Because I spend much time out in nature, it has become somewhat unusual for me to come across a wildflower that I have never seen before. If I do, it is usually a very inconspicuous plant hidden among more noticeable species.
Today was an exception.
I came across a gorgeous, 6 foot high plant covered with purple blossoms.
A glance at a field guide tells me that is New York Ironweed.
We are at the northern limit for ironweed which is found in moist meadows.
The leaves are lance-shaped and finely toothed.
Ironweed received its common name from its ironlike qualities: tough stems, tenacious growing habit, and flowers that give way to seed clusters the color of rust.
Some botany by the East Don:
Views from near the East Don River north of Finch Ave.
High noon in August! over all the land
The very air is palpitant with heat;
While stretching far, the fields of ripening wheat
Unrippled lie as plains of yellow sand! – Henry Sylvester Cornwell (1831–86)
Such beautiful, wonderful summer sights. Thank you so much, Miles!
I am so thrilled to be learning the names of the plants. Thank you for posting everyday…I sure hope you don’t get tired!!!!!!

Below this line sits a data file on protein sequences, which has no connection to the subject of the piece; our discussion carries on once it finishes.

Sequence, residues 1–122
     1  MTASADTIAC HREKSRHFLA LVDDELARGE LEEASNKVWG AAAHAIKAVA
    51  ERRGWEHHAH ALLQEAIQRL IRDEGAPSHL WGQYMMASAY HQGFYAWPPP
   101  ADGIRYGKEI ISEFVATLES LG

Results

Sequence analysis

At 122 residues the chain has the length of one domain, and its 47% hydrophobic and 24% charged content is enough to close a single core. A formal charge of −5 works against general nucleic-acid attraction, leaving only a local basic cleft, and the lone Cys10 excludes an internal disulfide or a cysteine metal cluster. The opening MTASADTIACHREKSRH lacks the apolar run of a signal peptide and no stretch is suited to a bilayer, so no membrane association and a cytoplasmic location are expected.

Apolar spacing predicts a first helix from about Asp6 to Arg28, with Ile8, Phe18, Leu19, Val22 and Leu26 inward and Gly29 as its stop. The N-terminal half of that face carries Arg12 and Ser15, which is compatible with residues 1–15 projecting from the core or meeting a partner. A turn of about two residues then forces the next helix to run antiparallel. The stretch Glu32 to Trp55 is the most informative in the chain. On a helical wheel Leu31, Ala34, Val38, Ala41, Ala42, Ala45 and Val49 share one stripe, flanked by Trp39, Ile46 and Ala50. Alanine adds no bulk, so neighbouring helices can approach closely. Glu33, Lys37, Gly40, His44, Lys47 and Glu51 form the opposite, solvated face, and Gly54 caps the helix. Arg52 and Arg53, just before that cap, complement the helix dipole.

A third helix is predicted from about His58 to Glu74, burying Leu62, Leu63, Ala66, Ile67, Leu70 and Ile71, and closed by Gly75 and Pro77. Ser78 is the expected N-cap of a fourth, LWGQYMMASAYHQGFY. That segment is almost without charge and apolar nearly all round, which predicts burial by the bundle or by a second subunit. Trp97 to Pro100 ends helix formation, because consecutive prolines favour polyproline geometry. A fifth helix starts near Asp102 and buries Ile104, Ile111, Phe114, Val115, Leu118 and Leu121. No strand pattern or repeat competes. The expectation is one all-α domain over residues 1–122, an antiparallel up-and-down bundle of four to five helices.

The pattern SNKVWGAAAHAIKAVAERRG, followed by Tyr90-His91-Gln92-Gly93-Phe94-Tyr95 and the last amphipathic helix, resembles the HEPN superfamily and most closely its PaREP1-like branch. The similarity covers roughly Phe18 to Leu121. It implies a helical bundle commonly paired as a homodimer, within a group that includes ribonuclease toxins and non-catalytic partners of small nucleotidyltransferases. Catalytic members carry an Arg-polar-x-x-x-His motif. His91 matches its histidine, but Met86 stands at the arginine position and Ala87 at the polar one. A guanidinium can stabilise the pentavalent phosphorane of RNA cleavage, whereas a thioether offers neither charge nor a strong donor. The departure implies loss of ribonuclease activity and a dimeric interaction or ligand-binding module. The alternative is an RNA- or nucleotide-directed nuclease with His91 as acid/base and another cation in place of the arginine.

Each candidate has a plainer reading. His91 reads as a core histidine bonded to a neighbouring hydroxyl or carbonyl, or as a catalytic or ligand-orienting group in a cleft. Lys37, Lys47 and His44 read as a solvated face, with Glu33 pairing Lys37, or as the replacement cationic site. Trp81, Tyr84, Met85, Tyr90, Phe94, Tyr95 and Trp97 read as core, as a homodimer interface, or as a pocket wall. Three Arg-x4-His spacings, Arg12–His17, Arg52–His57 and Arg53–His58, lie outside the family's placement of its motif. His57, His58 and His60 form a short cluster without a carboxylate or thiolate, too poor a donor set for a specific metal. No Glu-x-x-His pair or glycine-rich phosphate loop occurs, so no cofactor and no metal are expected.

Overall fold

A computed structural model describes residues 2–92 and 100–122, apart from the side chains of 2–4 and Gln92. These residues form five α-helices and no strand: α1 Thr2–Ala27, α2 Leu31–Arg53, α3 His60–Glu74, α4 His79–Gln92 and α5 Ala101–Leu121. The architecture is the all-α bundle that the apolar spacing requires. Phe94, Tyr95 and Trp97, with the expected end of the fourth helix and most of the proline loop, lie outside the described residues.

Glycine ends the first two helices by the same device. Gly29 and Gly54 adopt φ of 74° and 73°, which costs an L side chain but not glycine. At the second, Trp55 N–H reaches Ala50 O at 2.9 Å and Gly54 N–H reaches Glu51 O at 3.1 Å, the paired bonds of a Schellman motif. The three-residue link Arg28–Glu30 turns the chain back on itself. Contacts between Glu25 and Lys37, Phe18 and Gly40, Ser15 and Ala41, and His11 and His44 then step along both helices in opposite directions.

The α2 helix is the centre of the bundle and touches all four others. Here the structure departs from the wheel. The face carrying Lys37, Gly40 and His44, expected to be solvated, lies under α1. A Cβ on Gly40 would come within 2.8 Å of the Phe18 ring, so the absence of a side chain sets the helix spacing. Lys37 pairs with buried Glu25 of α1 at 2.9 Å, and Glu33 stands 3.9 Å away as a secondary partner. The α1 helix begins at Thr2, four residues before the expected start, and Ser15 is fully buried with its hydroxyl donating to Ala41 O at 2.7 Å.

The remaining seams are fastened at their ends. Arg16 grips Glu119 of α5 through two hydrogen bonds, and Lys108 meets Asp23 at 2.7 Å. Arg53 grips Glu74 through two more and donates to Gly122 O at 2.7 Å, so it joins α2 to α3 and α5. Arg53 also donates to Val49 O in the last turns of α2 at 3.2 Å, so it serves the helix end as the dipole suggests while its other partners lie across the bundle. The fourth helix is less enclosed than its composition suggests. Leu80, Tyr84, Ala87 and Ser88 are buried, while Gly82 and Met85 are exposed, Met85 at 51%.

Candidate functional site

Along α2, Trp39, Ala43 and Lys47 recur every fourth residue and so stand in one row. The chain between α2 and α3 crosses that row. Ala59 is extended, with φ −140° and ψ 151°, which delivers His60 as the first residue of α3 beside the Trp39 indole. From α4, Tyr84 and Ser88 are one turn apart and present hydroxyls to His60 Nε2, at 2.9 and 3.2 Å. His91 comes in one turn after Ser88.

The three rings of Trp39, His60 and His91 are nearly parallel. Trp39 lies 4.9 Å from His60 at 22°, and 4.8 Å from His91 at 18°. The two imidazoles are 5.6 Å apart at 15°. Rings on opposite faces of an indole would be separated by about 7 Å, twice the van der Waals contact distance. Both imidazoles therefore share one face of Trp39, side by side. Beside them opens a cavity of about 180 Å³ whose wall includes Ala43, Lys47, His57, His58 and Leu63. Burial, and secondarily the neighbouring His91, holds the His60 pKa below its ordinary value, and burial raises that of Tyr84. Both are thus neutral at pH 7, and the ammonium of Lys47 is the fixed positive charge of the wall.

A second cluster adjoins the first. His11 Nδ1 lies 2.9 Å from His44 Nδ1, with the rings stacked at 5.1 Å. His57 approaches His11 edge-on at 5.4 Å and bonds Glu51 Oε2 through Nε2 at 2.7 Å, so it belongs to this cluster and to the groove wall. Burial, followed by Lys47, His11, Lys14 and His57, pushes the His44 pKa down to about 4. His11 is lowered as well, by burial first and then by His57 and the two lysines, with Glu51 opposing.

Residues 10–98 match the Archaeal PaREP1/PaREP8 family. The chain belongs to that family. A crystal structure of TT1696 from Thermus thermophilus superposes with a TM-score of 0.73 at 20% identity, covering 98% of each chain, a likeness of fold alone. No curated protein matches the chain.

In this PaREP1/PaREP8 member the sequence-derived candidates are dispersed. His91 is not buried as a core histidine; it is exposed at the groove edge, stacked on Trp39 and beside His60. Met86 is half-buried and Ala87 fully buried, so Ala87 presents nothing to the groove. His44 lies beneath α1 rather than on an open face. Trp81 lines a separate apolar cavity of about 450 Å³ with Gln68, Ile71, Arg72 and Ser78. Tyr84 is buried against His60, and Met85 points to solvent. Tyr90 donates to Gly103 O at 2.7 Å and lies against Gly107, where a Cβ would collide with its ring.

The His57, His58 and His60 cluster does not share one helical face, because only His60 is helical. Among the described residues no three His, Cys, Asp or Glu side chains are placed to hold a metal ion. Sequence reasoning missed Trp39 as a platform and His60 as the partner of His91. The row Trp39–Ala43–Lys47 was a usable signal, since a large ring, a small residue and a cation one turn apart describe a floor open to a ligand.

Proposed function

I still get mixed up at times…but it takes time to train your eye to spot ‘that little’ difference ….much like when first birding when every bird was just ‘ a little brown job’..
For years I’ve admired a beautiful Ironweed plant at Brick Works Park, next to the path skirting the far (i.e. north) side of the first pond (i.e. the pond closest to industrial pad). I look for it in late summer when it finally blooms. Its colour is super-saturated. I always knew it as just Ironweed so I’m intrigued to learn there are different types such as New York. I’m guessing Brick Works’ incumbent is Giant Ironweed, listed in the nanps.org and can-plant.ca plant databases along with Missouri Ironweed and “Fasicled” (?!) Ironweed which is native to Manitoba. Anyway it’s a beaut.